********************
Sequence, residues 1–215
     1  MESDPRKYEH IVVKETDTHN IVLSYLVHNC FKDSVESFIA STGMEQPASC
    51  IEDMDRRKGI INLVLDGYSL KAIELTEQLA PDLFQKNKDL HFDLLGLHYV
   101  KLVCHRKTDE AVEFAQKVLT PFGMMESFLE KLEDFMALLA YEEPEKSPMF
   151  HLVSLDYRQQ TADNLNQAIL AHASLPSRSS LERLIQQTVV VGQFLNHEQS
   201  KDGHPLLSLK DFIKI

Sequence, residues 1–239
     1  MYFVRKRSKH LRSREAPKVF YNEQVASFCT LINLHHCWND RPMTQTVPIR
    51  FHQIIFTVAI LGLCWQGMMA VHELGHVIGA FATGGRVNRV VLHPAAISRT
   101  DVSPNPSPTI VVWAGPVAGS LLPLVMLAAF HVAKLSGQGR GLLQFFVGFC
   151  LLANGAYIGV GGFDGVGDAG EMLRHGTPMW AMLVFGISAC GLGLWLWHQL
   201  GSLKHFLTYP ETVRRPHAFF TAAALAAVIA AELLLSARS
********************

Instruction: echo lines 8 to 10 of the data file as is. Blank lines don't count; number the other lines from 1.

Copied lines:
     1  MYFVRKRSKH LRSREAPKVF YNEQVASFCT LINLHHCWND RPMTQTVPIR
    51  FHQIIFTVAI LGLCWQGMMA VHELGHVIGA FATGGRVNRV VLHPAAISRT
   101  DVSPNPSPTI VVWAGPVAGS LLPLVMLAAF HVAKLSGQGR GLLQFFVGFC